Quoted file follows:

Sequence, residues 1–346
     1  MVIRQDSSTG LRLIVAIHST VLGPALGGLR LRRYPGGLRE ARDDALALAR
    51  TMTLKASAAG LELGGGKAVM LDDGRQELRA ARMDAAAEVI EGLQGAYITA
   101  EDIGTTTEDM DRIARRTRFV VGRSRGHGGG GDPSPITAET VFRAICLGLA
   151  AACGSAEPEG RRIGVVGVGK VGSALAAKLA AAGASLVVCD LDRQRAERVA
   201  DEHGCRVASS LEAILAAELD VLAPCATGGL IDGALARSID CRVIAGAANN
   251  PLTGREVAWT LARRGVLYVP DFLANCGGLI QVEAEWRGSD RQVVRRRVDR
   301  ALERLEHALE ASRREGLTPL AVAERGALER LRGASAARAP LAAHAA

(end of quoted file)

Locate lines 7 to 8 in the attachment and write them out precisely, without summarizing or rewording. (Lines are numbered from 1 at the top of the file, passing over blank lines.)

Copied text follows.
   251  PLTGREVAWT LARRGVLYVP DFLANCGGLI QVEAEWRGSD RQVVRRRVDR
   301  ALERLEHALE ASRREGLTPL AVAERGALER LRGASAARAP LAAHAA